Definition of emergency in English:

emergency

noun

  • 1A serious, unexpected, and often dangerous situation requiring immediate action.

    ‘personal alarms for use in an emergency’
    [mass noun] ‘survival packs were carried in case of emergency’
    • ‘Severe blood loss from a bleeding or perforated ulcer is a medical emergency and requires immediate medical attention.’
    • ‘In addition, any deterioration in mental status or deterioration in physical condition is a medical emergency.’
    • ‘Currently there are no universal guidelines for handling in-flight medical emergencies.’
    • ‘When Sardinia and Prussia joined the war in July, the assembly declared a national emergency.’
    • ‘If they declare a public health emergency, governments can skip the negotiating.’
    • ‘The search for blood and donors would not be alien to anyone who has faced a medical emergency requiring blood transfusion.’
    • ‘Between the hours of 9am and 6 pm these appliances will not be crewed unless a dire emergency arises.’
    • ‘However, our study found the equipment and staff required to manage common medical emergencies are not always available at sites of student assessments.’
    • ‘In times of dire national emergency the president must exercise prerogative power.’
    • ‘Pulmonary hemorrhage is an acute medical emergency that requires prompt diagnosis and treatment.’
    • ‘Could not one analogously argue that the Suspension Clause authorizes suspension in times of dire national emergency?’
    • ‘Because research evidence for the management of such medical emergencies in primary care is scarce, there is a need for such initiatives to be evaluated.’
    • ‘Acute pulmonary edema is a medical emergency and requires immediate care.’
    • ‘What if there's a family emergency at home?’
    • ‘The whole of the Gulf Coast has been declared a public health emergency.’
    • ‘Outbreaks of diarrhoeal diseases are still one of the major public health emergencies in India.’
    • ‘Pyloric stenosis is a medical emergency that requires immediate treatment.’
    • ‘The policy statement introduces a public health initiative to help schools prepare to handle life-threatening medical emergencies.’
    • ‘The most severe cases are medical emergencies and require the most skilled care of a physician in hospital to avoid death.’
    • ‘Similarly, there might be agreement that in medical emergencies treatments could be given in the context of an approved research study without informed consent.’
    crisis, urgent situation, extremity, exigency
    accident, disaster, catastrophe, calamity
    difficulty, plight, predicament, tight spot, tight corner, mess
    quandary, dilemma
    unforeseen circumstances, desperate straits, dire straits, danger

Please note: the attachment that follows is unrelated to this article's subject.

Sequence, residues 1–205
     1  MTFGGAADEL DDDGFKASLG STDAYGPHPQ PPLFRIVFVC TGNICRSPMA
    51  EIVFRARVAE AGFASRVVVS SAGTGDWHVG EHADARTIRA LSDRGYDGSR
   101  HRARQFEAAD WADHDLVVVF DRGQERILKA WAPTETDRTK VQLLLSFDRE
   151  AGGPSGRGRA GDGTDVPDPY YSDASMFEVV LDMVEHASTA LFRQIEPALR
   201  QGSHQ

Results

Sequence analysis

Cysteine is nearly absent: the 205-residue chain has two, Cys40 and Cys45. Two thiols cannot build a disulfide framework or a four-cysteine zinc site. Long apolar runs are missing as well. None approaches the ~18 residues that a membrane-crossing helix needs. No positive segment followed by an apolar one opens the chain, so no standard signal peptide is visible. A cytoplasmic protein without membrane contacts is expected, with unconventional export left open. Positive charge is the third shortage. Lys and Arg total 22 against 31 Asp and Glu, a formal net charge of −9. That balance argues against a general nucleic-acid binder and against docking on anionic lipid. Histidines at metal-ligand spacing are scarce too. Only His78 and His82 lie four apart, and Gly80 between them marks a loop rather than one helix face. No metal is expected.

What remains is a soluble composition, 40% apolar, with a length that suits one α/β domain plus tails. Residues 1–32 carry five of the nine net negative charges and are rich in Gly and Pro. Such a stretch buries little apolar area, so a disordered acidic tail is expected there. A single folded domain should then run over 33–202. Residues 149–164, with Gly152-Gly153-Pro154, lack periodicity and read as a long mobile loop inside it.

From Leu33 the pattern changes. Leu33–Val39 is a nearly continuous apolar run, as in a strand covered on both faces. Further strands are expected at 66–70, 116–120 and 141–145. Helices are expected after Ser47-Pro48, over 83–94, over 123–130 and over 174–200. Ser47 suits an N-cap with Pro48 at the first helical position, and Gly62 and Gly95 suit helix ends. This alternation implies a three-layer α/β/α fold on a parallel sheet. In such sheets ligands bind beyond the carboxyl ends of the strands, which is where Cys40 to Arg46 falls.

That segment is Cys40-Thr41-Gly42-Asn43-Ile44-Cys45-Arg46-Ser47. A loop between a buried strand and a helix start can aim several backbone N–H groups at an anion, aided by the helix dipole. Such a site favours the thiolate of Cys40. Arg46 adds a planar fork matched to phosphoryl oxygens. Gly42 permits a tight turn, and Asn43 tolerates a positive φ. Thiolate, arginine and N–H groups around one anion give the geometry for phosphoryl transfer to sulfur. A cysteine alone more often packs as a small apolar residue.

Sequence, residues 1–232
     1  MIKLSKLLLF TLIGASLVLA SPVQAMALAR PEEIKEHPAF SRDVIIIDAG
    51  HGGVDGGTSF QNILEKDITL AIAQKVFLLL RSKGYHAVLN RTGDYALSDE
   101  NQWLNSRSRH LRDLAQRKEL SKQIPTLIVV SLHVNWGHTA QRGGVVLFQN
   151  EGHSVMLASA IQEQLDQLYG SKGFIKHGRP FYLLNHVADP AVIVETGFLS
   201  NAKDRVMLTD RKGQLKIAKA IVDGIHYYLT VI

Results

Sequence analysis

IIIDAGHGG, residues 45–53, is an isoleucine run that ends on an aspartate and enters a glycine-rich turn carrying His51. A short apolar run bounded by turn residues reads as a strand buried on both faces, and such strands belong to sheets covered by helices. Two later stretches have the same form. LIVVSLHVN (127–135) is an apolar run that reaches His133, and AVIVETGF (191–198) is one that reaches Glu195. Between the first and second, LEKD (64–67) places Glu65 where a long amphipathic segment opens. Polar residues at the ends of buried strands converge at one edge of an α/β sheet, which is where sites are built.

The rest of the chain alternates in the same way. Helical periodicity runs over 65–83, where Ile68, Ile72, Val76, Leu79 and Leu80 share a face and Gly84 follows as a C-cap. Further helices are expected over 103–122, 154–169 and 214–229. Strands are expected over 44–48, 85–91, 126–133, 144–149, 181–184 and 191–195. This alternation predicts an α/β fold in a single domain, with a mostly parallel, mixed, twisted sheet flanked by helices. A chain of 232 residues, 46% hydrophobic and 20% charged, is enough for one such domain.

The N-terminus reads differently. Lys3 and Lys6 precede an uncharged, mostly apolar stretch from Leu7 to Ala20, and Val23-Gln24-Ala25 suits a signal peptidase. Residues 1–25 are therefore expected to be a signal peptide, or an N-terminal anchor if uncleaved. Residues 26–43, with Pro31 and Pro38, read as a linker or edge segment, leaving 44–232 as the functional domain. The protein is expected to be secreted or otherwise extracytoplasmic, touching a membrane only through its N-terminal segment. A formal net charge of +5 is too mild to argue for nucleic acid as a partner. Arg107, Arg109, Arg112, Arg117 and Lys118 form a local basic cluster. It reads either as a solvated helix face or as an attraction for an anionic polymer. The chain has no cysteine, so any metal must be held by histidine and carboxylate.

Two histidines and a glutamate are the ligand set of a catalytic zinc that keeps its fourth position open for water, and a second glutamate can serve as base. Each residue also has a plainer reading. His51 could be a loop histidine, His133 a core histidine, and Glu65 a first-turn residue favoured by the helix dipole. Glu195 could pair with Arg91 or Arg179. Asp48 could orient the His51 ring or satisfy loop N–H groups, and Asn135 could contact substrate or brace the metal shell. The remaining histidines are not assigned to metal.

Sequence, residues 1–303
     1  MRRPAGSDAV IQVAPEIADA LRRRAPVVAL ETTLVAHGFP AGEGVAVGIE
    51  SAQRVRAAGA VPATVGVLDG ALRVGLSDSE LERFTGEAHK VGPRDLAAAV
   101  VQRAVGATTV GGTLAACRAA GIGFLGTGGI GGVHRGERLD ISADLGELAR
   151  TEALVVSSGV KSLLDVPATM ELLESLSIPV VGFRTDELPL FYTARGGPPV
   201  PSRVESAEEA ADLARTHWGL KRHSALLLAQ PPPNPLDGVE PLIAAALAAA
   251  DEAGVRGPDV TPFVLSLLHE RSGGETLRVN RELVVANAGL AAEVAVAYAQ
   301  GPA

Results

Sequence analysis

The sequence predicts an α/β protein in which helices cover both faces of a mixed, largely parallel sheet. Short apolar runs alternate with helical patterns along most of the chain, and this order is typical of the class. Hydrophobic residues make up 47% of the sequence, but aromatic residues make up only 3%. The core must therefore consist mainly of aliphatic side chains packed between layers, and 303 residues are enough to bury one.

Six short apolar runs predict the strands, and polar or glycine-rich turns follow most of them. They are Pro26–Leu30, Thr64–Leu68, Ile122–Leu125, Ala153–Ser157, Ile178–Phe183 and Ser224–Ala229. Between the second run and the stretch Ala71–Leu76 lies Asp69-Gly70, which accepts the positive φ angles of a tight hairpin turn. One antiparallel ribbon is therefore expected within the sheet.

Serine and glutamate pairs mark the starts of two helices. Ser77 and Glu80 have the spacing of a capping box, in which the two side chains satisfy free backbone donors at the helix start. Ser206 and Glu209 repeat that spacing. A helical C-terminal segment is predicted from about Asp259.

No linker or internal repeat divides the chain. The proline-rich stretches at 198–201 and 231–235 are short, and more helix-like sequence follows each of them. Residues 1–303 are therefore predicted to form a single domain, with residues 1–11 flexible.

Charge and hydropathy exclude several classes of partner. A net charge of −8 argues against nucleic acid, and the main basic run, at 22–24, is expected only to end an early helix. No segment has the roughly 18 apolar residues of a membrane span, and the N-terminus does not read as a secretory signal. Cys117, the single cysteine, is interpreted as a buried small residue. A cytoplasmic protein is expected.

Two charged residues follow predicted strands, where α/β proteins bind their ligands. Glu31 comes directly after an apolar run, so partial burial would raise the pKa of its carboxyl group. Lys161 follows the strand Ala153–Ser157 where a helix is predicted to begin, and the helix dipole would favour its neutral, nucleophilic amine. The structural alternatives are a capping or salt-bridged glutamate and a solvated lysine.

scrape, jam, fix, pickle, spot, hole, hot water, crunch, panic stations
    View synonyms
    1. 1.1[as modifier]Arising from or used in an emergency.
      ‘an emergency operation to save his sight’
      ‘around 1 in 8 adults have no savings at all, not even an emergency fund’
      • ‘It said emergency exits were blocked, floors were dirty and there were no female toilets.’
      • ‘Should police be able to invoke emergency powers to prevent a terrorist attack, and if so, how?’
      • ‘History of depression or depression during pregnancy was not associated with emergency caesarean section.’
      • ‘Officials of the main labour federation convened an emergency meeting yesterday on the reverberations throughout the economy.’
      • ‘Teachers gave a single lesson on emergency contraception to year 10 pupils.’
      • ‘The crippled US plane made an emergency landing on the Chinese island of Hainan.’
      • ‘Aviation-Safety has a compilation gallery of emergency exits.’
      • ‘Abigail was born by emergency caesarean in a hospital in Rotherham, says Karen.’
      • ‘The team carried out emergency operations day and night by torchlight.’
      • ‘The regiment will be ready to install the new system during emergency operations by the end of the year.’
      • ‘I handled all the emergency calls and extra work.’
      • ‘All sites had a typical emergency medical services response time of three to 15 minutes.’
      • ‘The 737 made an emergency landing at Richmond, pulling up to a gate.’
      • ‘The state Labor government has threatened to invoke emergency powers to stop the strike going ahead.’
      • ‘Bad as this staircase was, the two other emergency exits were worse, McIntyre later said.’
      • ‘And a year ago, it was extended to offer emergency contraception and condoms.’
      • ‘For terrorism, they include intelligence, investigation, and emergency response preparedness.’
      • ‘They crashed while trying to make an emergency landing in Jefferson City, Mo.’
      • ‘Emergency surgery calls for expedited preoperative cardiac assessment and management.’
      • ‘A Tory government again invoked emergency powers, against striking rail workers.’
    2. 1.2A person with a medical condition requiring immediate treatment.
      ‘the hospital treated two hundred emergencies’
      • ‘First medical and surgical emergencies were referred directly to the acute care firms and were seen initially by house officers.’
      • ‘The 69% remaining were most commonly patients admitted as medical or surgical emergencies.’
    3. 1.3North American The department in a hospital which provides immediate treatment.
      ‘a doctor in emergency cleaned the wound’
  • 2Irish historical The Second World War.

  • 3Australian NZ A reserve runner in horse racing.

Origin

Mid 17th century: from medieval Latin emergentia, from Latin emergere arise, bring to light (see emerge).

Pronunciation:

emergency

/ɪˈməːdʒ(ə)nsi/